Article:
NAEVR Co-authors Article About Advocacy for Battlefield Eye and Vision Trauma Research

NAEVR Co-Authors Article about Advocacy for Battlefield Eye and Vision Trauma Research

Legislative Update
January 6, 2017

In the January 2017 issue of Optometry and Vision Science (OVS), NAEVR Executive Director James Jorkasky and Greg Goodrich, Ph.D., formerly with the Palo Alto Veterans Affairs (VA) System and currently a guest editor for the journal, collaborated on an article that discusses the role that advocacy plays in helping expand the awareness of and Congressional action for eye and vision loss resulting from battlefield trauma.

The article begins with a history of the Department of Defense’s (DOD) Vision Research Program (VRP), established in 2009 as a result of NAEVR’s Capitol Hill advocacy efforts. The program, first funded at a level of $4 million, was proposed by the House to receive $15 million in the Fiscal Year (FY) 2017 DOD appropriations bill after receiving $10 million in each of the previous four fiscal years—although the current Congressional stalemate that has delayed finalizing all FY2017 appropriations means that the final amount is not set. Since FY2009, the VRP has awarded 74 grants for a total of $63 million funding a wide range of research topics, including “front-of-the-eye” issues (corneal protection and healing), blast modeling for eye trauma protection, rehabilitation strategies and technologies, and visual dysfunction from Traumatic Brain Injury (TBI).

The article then delves into the message that is shared with Congressional offices about the need for and importance of eye and vision research that focuses on conditions related to battlefield trauma that is separate from the disease-focused research conducted by the National Eye Institute (NEI) within the National Institutes of Health (NIH). One of the key points of the advocacy message is the NAEVR-funded 2012 study entitled Costs of Military Eye Injury, Vision Impairment, and Related Blindness and Vision Dysfunction Associated with Traumatic Brain Injury without Eye Injury that estimated—for the very first time—the costs of military eye trauma from 2000-2010 at $25.1 billion, driven primarily by the net present value of long-term benefits (VA and Social Security), lost wages, and family care.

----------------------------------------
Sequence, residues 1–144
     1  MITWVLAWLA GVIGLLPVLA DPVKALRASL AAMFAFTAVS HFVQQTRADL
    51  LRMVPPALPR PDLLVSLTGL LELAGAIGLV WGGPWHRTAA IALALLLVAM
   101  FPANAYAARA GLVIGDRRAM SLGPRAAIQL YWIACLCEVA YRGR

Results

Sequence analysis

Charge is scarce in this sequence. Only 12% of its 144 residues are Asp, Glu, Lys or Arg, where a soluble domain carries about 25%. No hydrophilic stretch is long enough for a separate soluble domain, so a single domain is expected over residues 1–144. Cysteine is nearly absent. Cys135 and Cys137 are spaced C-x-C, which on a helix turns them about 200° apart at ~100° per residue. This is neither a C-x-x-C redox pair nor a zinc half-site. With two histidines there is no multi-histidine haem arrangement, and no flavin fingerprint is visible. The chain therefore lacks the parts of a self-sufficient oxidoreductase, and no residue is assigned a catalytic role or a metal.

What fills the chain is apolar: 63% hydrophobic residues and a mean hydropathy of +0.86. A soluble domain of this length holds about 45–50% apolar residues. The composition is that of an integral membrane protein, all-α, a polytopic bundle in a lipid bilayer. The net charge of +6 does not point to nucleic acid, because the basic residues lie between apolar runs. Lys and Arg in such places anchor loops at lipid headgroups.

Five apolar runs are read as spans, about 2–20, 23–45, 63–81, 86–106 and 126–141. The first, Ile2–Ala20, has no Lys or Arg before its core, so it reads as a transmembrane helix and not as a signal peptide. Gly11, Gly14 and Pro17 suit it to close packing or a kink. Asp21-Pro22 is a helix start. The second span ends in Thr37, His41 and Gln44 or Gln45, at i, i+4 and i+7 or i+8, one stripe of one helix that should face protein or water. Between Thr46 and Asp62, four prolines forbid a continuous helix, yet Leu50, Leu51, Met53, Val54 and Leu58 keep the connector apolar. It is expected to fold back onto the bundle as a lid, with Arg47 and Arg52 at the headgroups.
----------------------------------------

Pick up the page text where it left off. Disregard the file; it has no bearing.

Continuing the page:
The article concludes by recognizing the increased awareness of the similarities between trauma that results from military service and the range of TBI symptoms suffered by athletes. NAEVR has assisted the Association for Research in Vision and Ophthalmology (ARVO) in presenting special Veterans and TBI sessions at ARVO annual meetings in 2013, 2015 and 2016 to address this topic.